While all ages find competitive compensation the most important attribute, age does affect how important employees consider a fair wage. Our research shows that millennials (29%) value fair pay less than Generation X (32%) and baby boomers (42%). Older employees are more insistent that their skills and experience be well compensated.
Fair pay also helps to offset the negative effects of workplace stress, which is on the rise. Employees are anxious about the current political climate, under pressure to adapt to new technologies, and fear losing their jobs to artificial intelligence (AI). Low wages further add to this stress.
Companies must make fair compensation a top priority. Yet, trends suggest that companies don't always understand the importance of competitive pay.
Companies Consider Competitive Compensation Less Important
Management and employees differ greatly in the perceived importance of fair pay.
According to a survey by risk management company Willis Towers Watson, employees consider low pay to be the second greatest source of workplace stress, behind inadequate staffing.
Meanwhile, surveyed employers said that low pay is only the ninth greatest source of workplace stress.
This discrepancy leads employees to feel overworked yet underpaid, says Shelly Wolff, senior health care consultant at Willis Towers Watson.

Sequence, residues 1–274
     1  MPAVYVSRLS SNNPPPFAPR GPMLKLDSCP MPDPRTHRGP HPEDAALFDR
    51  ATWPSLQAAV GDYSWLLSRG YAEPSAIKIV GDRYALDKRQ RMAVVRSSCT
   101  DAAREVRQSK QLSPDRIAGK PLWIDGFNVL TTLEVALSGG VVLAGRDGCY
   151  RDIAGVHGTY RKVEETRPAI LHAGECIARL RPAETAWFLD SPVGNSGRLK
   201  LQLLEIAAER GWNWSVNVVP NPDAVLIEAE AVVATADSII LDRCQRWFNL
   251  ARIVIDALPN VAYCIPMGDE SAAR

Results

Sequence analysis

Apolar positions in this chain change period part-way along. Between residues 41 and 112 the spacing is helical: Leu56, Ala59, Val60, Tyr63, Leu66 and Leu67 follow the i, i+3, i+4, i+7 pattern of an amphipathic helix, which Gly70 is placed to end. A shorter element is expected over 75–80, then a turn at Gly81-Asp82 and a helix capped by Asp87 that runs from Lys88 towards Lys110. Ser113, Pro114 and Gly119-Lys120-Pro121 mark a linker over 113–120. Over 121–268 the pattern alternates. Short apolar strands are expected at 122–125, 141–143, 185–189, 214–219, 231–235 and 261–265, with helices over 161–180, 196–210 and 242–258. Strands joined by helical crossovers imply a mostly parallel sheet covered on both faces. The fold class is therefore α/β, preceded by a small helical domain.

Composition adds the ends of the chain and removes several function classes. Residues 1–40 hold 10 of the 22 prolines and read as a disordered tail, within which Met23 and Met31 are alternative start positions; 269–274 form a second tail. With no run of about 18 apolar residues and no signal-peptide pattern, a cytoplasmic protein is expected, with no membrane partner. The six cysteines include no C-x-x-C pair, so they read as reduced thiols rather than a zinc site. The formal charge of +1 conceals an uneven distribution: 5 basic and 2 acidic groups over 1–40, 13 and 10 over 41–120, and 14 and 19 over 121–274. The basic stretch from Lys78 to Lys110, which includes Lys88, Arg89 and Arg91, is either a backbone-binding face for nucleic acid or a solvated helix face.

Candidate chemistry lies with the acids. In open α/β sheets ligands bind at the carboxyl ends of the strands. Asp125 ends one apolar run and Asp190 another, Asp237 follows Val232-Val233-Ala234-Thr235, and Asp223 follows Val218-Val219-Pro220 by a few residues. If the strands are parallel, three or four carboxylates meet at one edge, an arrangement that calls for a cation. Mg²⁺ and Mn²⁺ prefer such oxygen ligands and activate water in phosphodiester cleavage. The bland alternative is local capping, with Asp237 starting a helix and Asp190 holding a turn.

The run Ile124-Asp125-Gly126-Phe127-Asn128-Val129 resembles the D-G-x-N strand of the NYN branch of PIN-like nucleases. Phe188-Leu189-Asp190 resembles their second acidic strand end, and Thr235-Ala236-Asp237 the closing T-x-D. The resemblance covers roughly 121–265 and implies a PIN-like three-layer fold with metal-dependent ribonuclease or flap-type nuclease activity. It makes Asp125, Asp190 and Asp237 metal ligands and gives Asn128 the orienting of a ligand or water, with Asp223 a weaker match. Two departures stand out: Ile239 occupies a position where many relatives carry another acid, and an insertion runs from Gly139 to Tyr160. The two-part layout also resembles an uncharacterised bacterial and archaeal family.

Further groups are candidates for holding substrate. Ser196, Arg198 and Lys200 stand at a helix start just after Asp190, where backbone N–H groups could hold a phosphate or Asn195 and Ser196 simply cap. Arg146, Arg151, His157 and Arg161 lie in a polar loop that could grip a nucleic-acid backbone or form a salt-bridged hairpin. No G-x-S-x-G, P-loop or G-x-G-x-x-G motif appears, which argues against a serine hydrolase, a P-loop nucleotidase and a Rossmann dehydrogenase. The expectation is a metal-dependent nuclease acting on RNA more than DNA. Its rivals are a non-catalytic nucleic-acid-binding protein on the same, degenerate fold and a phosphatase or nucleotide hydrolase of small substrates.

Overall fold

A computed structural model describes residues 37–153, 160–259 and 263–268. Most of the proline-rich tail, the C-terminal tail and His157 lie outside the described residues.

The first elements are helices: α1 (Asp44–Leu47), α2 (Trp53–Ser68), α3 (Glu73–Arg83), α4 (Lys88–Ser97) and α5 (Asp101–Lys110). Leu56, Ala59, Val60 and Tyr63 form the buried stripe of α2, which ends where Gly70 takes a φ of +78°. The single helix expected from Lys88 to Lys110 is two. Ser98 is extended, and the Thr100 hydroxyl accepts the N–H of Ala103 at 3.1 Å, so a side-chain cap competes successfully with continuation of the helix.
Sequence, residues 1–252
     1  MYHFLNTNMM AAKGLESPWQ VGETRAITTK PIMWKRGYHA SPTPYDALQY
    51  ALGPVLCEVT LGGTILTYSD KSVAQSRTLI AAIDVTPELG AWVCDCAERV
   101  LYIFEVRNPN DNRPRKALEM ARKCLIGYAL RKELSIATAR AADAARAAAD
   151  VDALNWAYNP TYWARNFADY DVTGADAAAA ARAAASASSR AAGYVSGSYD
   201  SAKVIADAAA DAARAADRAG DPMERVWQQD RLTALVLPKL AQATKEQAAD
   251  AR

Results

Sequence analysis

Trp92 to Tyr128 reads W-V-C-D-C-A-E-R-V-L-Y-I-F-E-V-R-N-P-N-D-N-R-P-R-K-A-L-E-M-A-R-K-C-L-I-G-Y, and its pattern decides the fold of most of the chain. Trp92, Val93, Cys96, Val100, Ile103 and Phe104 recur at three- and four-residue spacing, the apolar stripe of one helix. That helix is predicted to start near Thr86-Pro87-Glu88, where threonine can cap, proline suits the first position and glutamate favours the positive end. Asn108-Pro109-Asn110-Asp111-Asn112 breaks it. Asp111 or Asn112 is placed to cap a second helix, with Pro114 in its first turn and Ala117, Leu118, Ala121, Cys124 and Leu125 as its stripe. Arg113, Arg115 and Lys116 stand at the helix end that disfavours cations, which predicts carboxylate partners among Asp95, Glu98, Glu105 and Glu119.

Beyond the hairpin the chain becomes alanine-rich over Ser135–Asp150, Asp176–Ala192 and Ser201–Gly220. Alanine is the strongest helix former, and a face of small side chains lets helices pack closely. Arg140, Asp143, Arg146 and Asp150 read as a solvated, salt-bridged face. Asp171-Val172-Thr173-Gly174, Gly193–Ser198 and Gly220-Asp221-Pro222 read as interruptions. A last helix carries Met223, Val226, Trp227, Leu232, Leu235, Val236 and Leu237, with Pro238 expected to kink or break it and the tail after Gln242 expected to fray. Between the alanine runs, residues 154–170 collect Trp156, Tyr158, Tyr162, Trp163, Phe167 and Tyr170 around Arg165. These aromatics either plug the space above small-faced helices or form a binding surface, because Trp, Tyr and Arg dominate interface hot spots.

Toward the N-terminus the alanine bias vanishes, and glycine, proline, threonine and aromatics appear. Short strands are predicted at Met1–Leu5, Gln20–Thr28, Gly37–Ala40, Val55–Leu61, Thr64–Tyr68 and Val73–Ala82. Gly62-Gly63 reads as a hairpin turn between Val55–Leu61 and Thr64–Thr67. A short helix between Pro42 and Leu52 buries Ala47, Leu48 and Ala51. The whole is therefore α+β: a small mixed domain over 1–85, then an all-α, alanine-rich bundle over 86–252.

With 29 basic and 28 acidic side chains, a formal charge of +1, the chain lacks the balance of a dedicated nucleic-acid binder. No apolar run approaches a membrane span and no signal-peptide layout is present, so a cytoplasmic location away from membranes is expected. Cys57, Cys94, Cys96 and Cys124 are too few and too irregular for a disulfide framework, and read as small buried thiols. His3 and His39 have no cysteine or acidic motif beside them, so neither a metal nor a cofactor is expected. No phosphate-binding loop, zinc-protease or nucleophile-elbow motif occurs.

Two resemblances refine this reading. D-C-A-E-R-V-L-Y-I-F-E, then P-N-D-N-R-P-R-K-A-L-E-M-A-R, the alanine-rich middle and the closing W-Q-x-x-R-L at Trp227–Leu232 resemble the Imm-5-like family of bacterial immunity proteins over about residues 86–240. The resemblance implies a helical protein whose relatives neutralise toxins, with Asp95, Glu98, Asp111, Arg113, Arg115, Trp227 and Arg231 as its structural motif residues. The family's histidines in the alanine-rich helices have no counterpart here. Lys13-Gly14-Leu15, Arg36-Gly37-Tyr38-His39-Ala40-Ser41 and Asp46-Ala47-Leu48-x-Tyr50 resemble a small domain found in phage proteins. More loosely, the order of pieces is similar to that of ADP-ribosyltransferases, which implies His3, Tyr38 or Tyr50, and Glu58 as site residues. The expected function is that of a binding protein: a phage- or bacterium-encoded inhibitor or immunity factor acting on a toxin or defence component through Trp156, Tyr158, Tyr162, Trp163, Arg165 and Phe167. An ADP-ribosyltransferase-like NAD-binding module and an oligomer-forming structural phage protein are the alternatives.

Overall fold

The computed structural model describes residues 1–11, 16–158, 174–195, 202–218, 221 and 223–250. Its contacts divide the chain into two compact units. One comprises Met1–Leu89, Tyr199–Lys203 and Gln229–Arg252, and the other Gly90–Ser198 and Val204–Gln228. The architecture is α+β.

“Employees seem to be saying, ‘support me, pay me, and direct me,’ but employers are focused on other stress factors,” Wolff said. As organizations expand the responsibilities of workers, they risk high rates of turnover unless compensation increases to match.
For this reason, it’s crucial that employees feel like they have opportunities to advance. With a raise in sight, employers can better satisfy employees without immediately increasing pay.
“Employees perform best when the environment is conducive to growth,” said Victor Lipman, whose work has appeared in Forbes. He is also the author of “Type B Manager: Leading Successfully in a Type A World.” Financial growth is most desirable, but personal or professional growth can substitute if times are lean.
“I found many individuals highly motivated by loftier titles, added responsibilities, plusher offices, and the respect of others in the organization,” Lipman said. This means that companies can be creative about how they offer advancement to employees.
Lipman concludes: “Some growth opportunities are costly. Others have a cost of zero.”
Companies should always offer a fair wage, but opportunities for professional growth can help keep employees satisfied.
Comprehensive Benefits Boost Employee Happiness
With the U.S. economy relatively healthy in 2018, employees are voluntarily quitting their jobs at high rates, according to the HR consulting firm Mercer. To attract and retain the best talent without adding to payroll, companies must offer desirable benefits.
According to a survey by the job search site Glassdoor, more than half of employees (57%) said that benefits and perks are a key factor in deciding whether to pursue a particular job.